## Boundaryless Organization LO23016

AM de Lange (amdelange@gold.up.ac.za)
Tue, 26 Oct 1999 15:40:46 +0200

Dear Organlearners,

Nick Heap <nickheap@tesco.net> writes:

>I am confused by your use of "Entropy" in relation to creativity.
>I remember entropy being a measure of disorder that entropy
>always increases, except when energy is input. The end of the
>universe would be situation of maximum entropy where everything
>had the same temperature and there would be no more change.
>Life is anti-entropic. Through the energy of sunlight or geothermal
>energy complicated things developed from simple things. Therefore
>order increases. This is surely a creative process associated with
>a decrease of entropy.
>
>Are you using the word in a different sense? Can you help?

Greetings Nick,

Thank you for the questions. I would certainly love to help you and all
other dear fellow learners.

Firstly, I have written a "Primer on Entropy" which you will
find in the LO archives at
Primer on Entropy - Part I LO19979
http://www.learning-org.com/98.11/0265.html
Primer on Entropy - Part II A LO19986
http://www.learning-org.com/98.11/0272.html
Primer on Entropy - Part II B LO19987
http://www.learning-org.com/98.11/0273.html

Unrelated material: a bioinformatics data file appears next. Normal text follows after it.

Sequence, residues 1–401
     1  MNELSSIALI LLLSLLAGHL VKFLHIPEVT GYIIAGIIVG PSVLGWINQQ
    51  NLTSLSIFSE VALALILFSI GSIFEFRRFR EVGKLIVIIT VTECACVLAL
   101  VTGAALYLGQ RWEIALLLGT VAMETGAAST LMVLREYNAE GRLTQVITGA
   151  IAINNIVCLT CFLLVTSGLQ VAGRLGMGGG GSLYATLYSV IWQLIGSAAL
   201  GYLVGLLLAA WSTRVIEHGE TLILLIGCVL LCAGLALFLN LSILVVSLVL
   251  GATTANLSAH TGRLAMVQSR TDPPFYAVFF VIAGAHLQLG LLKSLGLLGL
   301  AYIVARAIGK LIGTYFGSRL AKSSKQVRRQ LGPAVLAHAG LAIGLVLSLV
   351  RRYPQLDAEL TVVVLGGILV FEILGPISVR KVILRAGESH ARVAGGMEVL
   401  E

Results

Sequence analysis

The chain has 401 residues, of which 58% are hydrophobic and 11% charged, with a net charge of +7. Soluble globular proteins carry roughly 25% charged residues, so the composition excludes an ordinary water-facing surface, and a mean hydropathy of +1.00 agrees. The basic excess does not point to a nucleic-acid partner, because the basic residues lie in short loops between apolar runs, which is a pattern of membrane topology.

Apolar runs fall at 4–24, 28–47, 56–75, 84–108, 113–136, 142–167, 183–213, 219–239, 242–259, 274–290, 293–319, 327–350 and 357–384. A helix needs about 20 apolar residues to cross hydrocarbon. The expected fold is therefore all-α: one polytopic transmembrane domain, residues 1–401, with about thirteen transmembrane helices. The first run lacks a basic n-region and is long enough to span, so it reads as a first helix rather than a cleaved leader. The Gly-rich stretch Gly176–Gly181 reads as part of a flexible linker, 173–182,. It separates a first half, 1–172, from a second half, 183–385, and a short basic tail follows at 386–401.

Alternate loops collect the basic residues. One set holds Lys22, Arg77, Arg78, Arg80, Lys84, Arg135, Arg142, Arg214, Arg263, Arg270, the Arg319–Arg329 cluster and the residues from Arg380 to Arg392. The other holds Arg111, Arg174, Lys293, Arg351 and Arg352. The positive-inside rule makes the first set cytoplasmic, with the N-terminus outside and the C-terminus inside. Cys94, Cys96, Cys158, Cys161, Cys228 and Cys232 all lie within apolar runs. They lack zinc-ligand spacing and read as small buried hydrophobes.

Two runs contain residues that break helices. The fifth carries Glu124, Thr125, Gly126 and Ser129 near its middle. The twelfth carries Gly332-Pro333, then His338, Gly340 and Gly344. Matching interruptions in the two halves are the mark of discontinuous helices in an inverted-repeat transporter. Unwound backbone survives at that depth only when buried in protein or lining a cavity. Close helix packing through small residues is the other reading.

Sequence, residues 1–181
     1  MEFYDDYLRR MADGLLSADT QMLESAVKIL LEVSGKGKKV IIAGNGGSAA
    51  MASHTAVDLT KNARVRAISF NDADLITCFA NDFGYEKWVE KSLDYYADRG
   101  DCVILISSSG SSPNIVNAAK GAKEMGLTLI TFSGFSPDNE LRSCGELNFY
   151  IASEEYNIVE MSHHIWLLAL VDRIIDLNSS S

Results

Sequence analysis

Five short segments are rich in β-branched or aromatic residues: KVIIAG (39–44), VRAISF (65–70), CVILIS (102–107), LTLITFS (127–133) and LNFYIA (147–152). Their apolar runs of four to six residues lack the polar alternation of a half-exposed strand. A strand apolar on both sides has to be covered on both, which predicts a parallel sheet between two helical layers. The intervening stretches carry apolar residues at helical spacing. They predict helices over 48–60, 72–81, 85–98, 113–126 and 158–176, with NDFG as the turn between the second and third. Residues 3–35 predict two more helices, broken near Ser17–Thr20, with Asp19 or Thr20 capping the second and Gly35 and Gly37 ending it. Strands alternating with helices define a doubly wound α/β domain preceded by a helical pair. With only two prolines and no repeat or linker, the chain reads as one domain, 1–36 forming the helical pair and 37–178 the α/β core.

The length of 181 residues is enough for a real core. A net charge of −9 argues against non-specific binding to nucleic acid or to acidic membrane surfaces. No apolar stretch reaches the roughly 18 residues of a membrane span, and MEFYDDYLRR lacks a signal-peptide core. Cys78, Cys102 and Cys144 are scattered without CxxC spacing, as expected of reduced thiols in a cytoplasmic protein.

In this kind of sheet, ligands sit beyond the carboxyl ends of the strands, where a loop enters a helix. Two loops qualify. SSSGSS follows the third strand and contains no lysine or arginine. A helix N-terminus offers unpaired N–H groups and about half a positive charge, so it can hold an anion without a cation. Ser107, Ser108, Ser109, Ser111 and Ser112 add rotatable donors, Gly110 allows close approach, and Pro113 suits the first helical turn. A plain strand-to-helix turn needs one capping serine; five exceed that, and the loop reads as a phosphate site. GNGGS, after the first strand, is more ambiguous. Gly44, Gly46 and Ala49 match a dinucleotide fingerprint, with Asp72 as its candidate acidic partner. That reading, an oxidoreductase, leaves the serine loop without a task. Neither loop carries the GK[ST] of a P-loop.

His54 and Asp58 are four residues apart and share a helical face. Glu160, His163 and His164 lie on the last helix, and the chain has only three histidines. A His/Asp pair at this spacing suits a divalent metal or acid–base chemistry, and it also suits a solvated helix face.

Primer on Entropy - Part III A LO20018
http://www.learning-org.com/98.11/0304.html
Primer on Entropy - Part III B LO20048
http://www.learning-org.com/98.11/0334.html
Primer on Entropy - Part III C LO20049
http://www.learning-org.com/98.11/0335.html

I have written this primer for the entire academical spectrum. I have kept
people in mind like you who come from the physical sciences. Your first
reaction would probably be

"What a mess did At make of it. We do it completely
different in science. We carefully delineate the theory of
thermodynamics using practical examples to stress
theoretical points. See our books (by Sears, Lewis, Denbigh,
Atkins or others) on how to do it."

But I also have kept people in mind from different faculties who cannot
read with understanding the books perhaps recommended to me. Since nothing
else is available for them, they will eventually have to make use of these
same books. Thus it is up to me to guide them how to understand these
recommended books.

This Primer is not intended as an Adanced text. It is rather intended as a
"lunsklip". (See my reply to Andrew Campona which I have prepared earlier
today.) You can use it for whatever you want to like sharpening your horns
or rubbing your backside. I really do not care how you use it. But I do
care that you use it because it was created for using -- to allow you to
participate in any dialogue on entropy and not feel unconfortable or even
embarressed.

When you study the Primer in depth, you will find that I have worked a
complexity of themes into it, trying to reflect the complexity of
different civilisations on different continents. But there is one
overrriding theme (Leitmotiv) which binds them all together -- the
evolution of thoughts. When following this leitmotiv, you will became
aware of chaos and order in your own thoughts. It is not for me to decide